Russia Launches Airstrikes Against ISIS Inside Syria: Reports
by Jon Queally –
After receiving authorization from Parliament, and just days after UN speech by Vladimir Putin, news outlets report that Russia’s air campaign inside Syria has begun
Just hours after the Upper House of the Russian Parliament on Wednesday gave President Vladimir Putin the permission he sought to use the nation’s air force to conduct missions against the Islamic State targets inside Syria, news outlets are reporting that the first Russian airstrikes inside Syria may have now taken place.
Both the New York Times and CNN, citing anonymous U.S. officials who were not authorized to speak with the press, report that strikes have been carried out. The Times reports Russian warplanes dropped bombs near the central city of Hom, though further details were not provided.
Wednesday’s vote authorizing the strikes came just two days after Putin spoke to the General Assembly of the United Nations in New York City where he also held a 90-meeting meeting with U.S. President Obama in which the main topic was the ongoing civil war in Syria and how the two world leaders might find a way to get past their differences and help find a possible solution to the crisis which has embroiled the Middle East.
Whereas the U.S. Congress has yet to formally authorize the ongoing U.S. military actions in both Syria and Iraq, Obama has claimed authority to conduct airstrikes in those countries based on previous authorizations of military force (AUMFs) granted in the wake of 9/11 to fight Al-Qaeda. While at the UN, Putin called for an international coaliton to come together under the auspices of a new UN Security Council resolution which would give legal sanction to a joint military campaign against ISIS militants.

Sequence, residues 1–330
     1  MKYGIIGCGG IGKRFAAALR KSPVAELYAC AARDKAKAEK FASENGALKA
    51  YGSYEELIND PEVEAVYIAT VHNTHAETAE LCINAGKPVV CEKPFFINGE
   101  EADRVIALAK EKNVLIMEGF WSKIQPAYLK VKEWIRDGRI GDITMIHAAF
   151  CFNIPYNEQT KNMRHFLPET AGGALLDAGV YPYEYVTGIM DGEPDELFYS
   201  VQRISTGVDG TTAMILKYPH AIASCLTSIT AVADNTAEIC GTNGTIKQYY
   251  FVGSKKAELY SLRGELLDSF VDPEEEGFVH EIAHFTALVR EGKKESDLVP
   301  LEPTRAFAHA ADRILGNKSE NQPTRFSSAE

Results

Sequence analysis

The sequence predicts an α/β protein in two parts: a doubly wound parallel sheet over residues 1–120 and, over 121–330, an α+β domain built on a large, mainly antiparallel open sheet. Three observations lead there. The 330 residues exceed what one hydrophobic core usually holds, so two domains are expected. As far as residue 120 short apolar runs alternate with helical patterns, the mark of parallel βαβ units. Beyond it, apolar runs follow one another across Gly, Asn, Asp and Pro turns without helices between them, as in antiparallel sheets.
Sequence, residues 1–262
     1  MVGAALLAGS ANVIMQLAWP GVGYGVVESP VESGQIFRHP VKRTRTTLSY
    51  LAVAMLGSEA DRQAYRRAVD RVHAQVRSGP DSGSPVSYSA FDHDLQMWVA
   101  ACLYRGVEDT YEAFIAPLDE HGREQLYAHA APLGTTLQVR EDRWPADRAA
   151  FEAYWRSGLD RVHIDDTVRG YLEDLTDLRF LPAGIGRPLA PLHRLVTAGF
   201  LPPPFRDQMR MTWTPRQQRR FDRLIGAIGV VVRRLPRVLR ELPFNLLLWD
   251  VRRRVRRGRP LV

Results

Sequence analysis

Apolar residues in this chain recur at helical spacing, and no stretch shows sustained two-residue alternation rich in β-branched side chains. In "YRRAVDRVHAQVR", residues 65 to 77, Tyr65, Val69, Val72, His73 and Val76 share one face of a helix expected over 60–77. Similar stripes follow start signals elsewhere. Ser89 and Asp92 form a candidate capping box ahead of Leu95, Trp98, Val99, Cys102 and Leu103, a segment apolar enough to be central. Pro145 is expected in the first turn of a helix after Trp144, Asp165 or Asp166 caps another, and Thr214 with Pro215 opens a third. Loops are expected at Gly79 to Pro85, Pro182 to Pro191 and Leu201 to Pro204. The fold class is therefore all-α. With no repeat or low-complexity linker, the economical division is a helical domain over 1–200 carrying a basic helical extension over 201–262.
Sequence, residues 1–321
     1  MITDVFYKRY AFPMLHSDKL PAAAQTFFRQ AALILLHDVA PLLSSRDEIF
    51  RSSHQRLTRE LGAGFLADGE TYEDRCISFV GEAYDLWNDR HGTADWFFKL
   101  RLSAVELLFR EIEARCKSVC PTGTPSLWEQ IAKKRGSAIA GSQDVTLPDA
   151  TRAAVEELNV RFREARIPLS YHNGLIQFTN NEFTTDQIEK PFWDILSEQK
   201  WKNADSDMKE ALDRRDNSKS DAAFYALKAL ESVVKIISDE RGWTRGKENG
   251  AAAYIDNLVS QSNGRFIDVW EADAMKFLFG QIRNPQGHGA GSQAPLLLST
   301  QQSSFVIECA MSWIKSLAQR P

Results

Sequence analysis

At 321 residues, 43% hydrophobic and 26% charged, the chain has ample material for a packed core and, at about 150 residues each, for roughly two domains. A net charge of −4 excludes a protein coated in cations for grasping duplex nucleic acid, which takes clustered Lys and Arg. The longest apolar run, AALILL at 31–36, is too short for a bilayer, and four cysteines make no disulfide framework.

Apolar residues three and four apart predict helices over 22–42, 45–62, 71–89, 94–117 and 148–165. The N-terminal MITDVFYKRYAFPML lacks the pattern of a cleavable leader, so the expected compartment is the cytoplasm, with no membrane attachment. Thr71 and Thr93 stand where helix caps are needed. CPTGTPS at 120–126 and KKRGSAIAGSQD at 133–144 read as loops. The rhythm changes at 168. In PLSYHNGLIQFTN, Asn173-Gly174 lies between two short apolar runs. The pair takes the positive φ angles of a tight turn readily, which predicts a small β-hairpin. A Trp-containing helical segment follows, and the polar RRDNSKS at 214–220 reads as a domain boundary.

In comments on Wednesday, Putin’s chief of staff, Sergei Ivanov, said that Russia’s plans at the moment would only include airstrikes, not ground forces engaged in combat inside Syria.
“You all know well that in the territory of Syria and Iraq … a number of countries are carrying out bombing strikes, including the United States,” Ivanov told reporters. “These actions do not conform with international law. To be legal they should be supported either by a resolution of the UN security council, or be backed by a request from the country where the raids are taking place.” What would make Russia’s action legitimate, explained Ivanov, is that the elected president of Syria, Bashar al-Assad, has asked for and now welcomes this Russian assistance.
Even as policy experts continue to throw up warnings that there is no military solution to the civil war in Syria and that the introduction of more weapons, additional airstrikes, and new soldiers will only increase the suffering of civilian populations, the main sticking point between the U.S. and Russia remains whether Assad stays or goes as possible attempts at a diplomatic settlement form. Putin has made it clear that as the legitimate leader of Syria—and given the chaos that ensued in both Libya and Iraq after their governments were toppled by force—it would be short-sighted and irresponsible to exclude Assad from negotiations while ISIS and other radical factions stand at the ready to fill the vacuum.
Though the U.S. has maintained an active program to support military factions opposed to Assad, recent statements by both President Obama and U.S. Secretary of State John Kerry have appeared to soften their strict position on regime change in Syria.
This work is licensed under a Creative Commons Attribution-Share Alike 3.0 License
Reprinted with permission from Common Dreams